Oct 05, 2012
Africa policies should focus on diversification, competitivenessBack
Lagos|Africa|Education|Industrial|System|Systems|Africa|Nigeria|South Africa|Financial Services|Manufacturing|Manufacturing Output|Manufacturing Sector|Products|Service|Services|Systems|Infrastructure|Olusegun Aganga|Rob Davies
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“It is only through these targeted policy interventions and the commensurate public and private investments that Africa can begin to raise manufacturing output and increase its share of global trade and production,” Davies stated at the second Nigeria International Investment Forum, in Lagos.
He added that as an overarching imperative, African countries must defend their policy space to craft industrial policies that would place the continent on a sustainable and inclusive growth trajectory.
Davies indicated that Africa’s growth had mainly been driven by the commodities’ boom and the rise of service industries on the back of products not produced in Africa.
He added that the next phase of Africa’s growth had to be rooted in a new paradigm of manufacturing and adding value to local products.
“A globally competitive manufacturing sector creates a sustainable economic system, encourages domestic and foreign investment, creates employment and improves a country’s balance of payments. It also creates employment beyond the manufacturing sector in supportive sectors such as financial services, infrastructure, information systems and education,” Davies said.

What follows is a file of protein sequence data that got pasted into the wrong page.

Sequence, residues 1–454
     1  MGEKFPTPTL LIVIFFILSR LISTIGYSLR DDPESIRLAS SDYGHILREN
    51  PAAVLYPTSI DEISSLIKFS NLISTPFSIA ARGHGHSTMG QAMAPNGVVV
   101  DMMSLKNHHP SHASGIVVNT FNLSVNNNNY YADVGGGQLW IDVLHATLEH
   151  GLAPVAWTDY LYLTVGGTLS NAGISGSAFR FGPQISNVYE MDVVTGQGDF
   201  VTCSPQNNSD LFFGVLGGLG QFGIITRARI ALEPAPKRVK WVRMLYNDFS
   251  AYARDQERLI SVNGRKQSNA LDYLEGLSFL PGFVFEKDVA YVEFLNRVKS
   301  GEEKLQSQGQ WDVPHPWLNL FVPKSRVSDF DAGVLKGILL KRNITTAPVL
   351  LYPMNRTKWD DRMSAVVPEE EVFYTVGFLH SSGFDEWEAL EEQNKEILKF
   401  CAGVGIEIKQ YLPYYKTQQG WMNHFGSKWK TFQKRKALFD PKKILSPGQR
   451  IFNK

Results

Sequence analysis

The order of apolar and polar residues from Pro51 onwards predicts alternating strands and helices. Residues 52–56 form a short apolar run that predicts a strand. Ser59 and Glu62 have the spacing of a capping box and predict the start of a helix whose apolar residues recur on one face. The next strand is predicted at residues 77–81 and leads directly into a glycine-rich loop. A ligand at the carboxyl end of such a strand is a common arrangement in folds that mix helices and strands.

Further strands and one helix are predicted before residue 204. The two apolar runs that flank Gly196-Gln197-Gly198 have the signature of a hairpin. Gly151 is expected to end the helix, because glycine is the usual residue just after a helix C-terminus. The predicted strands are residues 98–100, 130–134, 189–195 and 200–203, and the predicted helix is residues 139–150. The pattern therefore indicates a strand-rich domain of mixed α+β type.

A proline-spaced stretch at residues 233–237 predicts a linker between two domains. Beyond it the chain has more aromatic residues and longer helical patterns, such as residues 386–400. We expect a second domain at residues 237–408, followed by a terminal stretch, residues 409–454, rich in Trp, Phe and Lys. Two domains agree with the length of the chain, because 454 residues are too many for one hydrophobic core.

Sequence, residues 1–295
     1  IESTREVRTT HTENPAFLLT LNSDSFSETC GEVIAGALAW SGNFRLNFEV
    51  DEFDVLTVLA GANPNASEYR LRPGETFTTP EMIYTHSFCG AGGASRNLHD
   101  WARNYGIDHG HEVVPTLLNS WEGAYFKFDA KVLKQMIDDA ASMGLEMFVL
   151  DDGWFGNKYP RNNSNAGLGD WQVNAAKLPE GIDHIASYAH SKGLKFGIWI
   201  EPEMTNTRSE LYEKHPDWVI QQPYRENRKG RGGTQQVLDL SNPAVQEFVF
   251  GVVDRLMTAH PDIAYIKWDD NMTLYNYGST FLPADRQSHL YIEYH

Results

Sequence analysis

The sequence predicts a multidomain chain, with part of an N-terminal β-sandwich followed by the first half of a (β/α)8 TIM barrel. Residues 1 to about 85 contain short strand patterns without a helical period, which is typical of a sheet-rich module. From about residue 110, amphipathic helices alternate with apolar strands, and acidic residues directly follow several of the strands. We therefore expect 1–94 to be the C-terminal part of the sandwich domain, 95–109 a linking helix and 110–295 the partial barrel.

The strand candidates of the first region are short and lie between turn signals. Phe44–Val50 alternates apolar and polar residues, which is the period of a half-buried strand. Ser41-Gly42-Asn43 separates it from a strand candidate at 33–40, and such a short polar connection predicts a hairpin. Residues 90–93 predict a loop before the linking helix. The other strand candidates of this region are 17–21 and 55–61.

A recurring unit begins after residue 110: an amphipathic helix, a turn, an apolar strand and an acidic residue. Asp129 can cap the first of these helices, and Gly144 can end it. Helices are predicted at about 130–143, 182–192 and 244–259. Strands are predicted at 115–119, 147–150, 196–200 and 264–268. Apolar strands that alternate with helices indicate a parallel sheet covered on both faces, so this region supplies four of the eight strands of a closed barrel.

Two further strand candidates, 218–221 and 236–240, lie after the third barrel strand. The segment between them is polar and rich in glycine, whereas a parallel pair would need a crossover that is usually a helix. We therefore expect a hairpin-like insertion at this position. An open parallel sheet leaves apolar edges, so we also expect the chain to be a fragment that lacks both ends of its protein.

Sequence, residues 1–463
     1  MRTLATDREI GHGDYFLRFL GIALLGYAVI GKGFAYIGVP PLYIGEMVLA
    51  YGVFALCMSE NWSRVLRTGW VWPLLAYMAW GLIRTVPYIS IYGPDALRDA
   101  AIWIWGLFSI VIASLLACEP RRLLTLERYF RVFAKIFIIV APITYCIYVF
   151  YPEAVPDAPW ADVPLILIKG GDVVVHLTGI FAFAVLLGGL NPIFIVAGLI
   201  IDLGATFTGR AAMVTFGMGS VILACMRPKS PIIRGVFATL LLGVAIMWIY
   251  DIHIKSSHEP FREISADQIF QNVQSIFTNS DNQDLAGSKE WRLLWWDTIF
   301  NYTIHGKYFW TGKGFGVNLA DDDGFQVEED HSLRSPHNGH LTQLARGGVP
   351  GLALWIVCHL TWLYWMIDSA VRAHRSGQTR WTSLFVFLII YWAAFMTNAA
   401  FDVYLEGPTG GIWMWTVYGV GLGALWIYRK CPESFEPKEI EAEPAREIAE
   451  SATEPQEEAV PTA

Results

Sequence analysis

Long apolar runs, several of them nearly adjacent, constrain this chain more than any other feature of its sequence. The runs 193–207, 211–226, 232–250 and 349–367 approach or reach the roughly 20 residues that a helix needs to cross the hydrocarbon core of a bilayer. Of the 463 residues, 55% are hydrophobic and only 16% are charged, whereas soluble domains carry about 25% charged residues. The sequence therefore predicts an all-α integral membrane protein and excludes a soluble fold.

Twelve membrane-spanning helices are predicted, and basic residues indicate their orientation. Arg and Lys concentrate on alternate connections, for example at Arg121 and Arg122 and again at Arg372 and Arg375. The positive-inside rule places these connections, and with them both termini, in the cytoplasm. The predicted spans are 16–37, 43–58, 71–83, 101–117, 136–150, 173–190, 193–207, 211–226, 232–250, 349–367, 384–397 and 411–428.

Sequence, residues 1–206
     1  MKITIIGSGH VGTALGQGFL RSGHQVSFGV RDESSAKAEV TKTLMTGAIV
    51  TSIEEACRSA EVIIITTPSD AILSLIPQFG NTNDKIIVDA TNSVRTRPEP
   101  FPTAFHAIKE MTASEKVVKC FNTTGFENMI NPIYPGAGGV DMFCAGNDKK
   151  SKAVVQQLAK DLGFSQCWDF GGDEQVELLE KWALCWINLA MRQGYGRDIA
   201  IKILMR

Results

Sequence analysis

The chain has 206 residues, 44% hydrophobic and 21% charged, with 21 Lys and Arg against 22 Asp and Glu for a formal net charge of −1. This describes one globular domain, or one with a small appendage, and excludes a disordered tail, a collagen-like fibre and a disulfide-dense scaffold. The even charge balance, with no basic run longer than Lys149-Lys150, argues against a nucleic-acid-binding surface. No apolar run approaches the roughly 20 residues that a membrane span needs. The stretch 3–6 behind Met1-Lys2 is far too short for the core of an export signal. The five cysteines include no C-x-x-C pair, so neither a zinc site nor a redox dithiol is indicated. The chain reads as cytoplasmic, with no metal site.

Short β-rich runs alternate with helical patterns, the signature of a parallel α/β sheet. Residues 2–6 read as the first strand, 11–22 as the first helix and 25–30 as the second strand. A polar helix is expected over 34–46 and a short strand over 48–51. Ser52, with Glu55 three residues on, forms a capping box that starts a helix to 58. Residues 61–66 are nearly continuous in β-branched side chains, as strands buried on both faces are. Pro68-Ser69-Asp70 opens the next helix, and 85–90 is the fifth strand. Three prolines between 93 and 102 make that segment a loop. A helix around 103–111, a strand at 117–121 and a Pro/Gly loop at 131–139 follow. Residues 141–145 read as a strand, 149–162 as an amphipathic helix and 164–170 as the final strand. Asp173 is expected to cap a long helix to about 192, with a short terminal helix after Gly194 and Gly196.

Further, he highlighted the need for integration in Africa.
“Such integration, however, must not only entail institutionalised market integration, but development integration, which emphasises cross-border infrastructure development as a means to strengthen and deepen industrialisation and create manufacturing value-chains in Africa.”
Davies also met with his counterpart Olusegun Aganga to discuss progress made since the signing of a memorandum of understanding (MoU) on economic cooperation between South Africa and Nigeria, in May.
As per the MoU, the Ministers agreed on a bilateral work programme that focused on industrial cooperation, small and medium-sized enterprises development and financing; trade facilitation; standards cooperation and infrastructure development.
The programme was aimed at facilitating increased trade in value-added products and bilateral investments between the two countries.
Edited by: Mariaan Webb© Reuse this Comment Guidelines (150 word limit)
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